In a method utilizing the present invention, light coupled from laser 10 into the fiber near end 20 is detected at a remote end 21 by a PIN or avalanche photodiode 14 mounted to receive light from the pigtail fiber. A corresponding detector output is taken through an amplifier 42 to a signal analysing circuit including the phase sensitive detectors 28, 30. The fiber end 20 is moved in a mass of liquid epoxy 45 by energizing piezoelectric crystals 16, 18. Crystals 16 and 18 produce x and y-directional movement, respectively, where the fiber axis extends along the z-direction, the x and y movement being combined at an elongate probe 48. Although details of the piezoelectric crystal mounting arrangement are not shown, it will be understood that through the independent action of the crystals the probe 48 can be moved to any spot within a predetermined zone of the xy plane.
Drive to the piezoelectric crystals 16, 18 is applied from drive generators 24, 26 which generate oscillatory signals at respective frequencies f.sub.x and f.sub.y. The frequencies selected are not harmonically related. For effective operation of the phase sensitive detectors, f.sub.x and f.sub.y are greater than 10 Hz and are separated by at least 10 Hz to allow easy discrimination. A first output signal from each drive generator is taken through a summing junction 50 to a drive amplifier 52 and then applied to its corresponding piezoelectric crystal.
Second outputs from the drive generators 24, 26 are applied as reference signals to respective phase sensitive detectors 28, 30. The reference signals permit the phase relationship between the applied vibration and the detected signal to be determined. Delay D is introduced to compensate for the round trip time of the ac drive producing vibration and the detected signals returning to the detectors 28, 30. If the signals are in phase, then the fiber end 21 must be moved in one direction to increase coupling whereas if the signals are out of phase then the fiber end must be moved in the opposite direction.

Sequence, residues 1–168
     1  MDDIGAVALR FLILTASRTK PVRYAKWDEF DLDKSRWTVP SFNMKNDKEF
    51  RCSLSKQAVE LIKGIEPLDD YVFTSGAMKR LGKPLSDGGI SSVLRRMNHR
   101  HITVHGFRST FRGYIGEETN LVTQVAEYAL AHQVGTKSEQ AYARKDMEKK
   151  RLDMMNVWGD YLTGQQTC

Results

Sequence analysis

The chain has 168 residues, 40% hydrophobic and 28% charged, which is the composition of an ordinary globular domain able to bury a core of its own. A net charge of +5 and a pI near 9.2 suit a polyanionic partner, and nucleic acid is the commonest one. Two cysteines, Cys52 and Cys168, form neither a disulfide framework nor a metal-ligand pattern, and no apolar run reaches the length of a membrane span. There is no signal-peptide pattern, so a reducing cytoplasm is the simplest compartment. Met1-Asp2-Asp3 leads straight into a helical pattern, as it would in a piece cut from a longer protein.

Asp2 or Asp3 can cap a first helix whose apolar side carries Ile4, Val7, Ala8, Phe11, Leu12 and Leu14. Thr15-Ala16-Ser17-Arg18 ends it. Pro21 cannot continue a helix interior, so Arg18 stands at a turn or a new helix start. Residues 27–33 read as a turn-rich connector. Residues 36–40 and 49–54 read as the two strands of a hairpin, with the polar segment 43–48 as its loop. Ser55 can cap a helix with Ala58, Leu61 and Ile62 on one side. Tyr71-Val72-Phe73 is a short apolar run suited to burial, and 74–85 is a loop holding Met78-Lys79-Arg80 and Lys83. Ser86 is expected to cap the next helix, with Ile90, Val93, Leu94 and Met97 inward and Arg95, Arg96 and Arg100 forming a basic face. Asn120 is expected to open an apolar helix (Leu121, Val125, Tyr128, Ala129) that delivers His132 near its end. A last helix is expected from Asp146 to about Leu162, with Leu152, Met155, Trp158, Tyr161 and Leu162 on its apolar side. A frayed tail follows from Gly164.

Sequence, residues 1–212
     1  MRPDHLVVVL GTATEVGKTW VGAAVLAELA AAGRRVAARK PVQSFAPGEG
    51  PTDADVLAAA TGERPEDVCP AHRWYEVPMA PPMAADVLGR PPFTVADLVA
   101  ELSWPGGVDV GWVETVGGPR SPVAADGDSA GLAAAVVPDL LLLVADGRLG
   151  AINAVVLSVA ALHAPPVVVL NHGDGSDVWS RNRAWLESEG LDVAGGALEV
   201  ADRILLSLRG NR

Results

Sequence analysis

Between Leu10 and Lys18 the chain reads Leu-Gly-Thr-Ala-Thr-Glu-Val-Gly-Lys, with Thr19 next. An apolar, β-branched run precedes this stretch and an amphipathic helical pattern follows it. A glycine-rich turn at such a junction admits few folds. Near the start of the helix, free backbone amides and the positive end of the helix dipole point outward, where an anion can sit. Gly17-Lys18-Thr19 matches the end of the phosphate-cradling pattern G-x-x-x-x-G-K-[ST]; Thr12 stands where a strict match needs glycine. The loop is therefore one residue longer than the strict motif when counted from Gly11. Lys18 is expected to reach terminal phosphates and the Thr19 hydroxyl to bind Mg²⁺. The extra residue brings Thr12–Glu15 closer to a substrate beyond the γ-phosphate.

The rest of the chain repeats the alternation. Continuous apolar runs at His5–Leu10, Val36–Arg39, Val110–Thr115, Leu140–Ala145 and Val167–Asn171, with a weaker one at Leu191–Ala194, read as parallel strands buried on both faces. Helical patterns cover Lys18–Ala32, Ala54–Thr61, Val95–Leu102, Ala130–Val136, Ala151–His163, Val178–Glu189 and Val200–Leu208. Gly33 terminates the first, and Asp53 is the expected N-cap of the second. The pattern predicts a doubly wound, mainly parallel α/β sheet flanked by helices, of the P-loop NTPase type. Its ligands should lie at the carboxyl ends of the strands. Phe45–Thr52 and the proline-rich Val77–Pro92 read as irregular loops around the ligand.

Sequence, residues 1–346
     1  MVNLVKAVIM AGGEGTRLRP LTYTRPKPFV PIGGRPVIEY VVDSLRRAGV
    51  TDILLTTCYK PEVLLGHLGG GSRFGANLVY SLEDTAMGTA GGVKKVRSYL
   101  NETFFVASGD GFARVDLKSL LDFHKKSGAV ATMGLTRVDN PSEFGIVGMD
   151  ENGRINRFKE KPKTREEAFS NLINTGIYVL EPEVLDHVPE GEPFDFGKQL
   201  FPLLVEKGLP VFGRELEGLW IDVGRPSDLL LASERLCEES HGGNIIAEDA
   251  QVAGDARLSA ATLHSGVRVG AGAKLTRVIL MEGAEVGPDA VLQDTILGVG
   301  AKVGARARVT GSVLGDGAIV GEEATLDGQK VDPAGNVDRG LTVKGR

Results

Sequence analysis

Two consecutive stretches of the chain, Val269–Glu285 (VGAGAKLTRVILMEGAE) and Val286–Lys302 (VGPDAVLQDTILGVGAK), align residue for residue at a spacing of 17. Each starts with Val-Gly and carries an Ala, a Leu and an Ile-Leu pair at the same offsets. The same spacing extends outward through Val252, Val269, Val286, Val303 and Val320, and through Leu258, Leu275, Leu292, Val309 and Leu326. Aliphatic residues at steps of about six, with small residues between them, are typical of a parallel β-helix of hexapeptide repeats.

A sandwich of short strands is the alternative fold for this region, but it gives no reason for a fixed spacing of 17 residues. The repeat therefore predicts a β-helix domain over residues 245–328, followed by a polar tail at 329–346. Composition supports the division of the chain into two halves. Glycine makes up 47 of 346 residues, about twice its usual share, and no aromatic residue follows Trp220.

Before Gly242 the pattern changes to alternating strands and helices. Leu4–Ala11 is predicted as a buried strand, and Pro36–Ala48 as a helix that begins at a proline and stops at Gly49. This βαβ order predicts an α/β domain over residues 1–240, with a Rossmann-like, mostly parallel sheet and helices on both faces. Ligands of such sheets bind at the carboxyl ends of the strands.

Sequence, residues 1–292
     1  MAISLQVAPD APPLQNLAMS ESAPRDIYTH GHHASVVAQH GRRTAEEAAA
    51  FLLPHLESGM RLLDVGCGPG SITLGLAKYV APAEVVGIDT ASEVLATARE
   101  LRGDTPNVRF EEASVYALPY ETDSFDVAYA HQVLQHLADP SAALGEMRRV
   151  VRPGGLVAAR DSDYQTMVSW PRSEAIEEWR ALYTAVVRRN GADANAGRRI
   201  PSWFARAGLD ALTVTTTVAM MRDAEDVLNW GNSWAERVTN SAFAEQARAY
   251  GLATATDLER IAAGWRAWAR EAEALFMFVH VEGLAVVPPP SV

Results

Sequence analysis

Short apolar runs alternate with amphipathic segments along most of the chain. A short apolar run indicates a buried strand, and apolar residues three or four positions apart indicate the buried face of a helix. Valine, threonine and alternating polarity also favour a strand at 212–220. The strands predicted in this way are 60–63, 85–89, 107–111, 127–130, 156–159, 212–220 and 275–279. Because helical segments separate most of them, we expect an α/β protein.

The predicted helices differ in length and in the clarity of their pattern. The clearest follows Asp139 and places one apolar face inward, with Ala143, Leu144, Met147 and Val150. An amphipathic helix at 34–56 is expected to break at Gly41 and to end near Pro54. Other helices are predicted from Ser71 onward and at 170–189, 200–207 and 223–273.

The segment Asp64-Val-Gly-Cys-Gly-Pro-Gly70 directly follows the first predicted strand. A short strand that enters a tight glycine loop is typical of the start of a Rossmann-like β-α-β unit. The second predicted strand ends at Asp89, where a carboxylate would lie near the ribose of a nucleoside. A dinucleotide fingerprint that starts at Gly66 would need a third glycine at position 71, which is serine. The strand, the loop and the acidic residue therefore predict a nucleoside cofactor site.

The light coupling efficiency between the laser output facet and fiber as a function of misalignment in the x-direction is typically as shown in FIG. 2. Ideally the fiber is positioned at a point C corresponding to the fiber and laser being accurately aligned at the x-direction. In fact, after initial positioning of the fiber end relative to the laser, the fiber is typically at a position `A` or `B` on one side or other of the optimal position `C`. When the signal at frequency f.sub.x is applied to the piezoelectric crystal 16, the fiber end is oscillated as represented by arrow 54 (FIG. 1) and waveform `i`. At the detector 14, a corresponding electrical signal is generated having in addition to a DC component, an oscillatory component Wa, Wb or Wc depending on the median position of the fiber. For accurate alignment, the fiber should be in a position in which the amplitude of the oscillatory component is minimized as shown by waveform Wc. The waveforms are shown with a common time base in FIG. 3 which also shows their phase relationship. The phase sensitive detector 28 is tuned to frequency f.sub.x and, dependent on the amplitude and phase difference between the input signal from the drive generator 24 and that from the detector 14, a DC control signal is generated which is summed with the AC drive from drive generator 24 at the summing junction 50. The control signal is used to effect x-direction translational movement of the active surface of piezoelectric crystal 16 and thereby the pigtail fiber end 20. As shown in FIG. 3, it is evident from the amplitude of waveforms Wa and Wb that movement of the fiber is required to provide effective alignment. Moreover it is clear from the phase relationship of Wa and Wb relative to waveform `i` in which direction the fiber should be moved to effect alignment.
A corresponding adjustment is effected in the y-direction by vibrating the fiber end 20 at a different frequency f.sub.y and analysing the f.sub.y oscillatory component of the detected signal to derive its amplitude and phase relationship to the impressed modulation.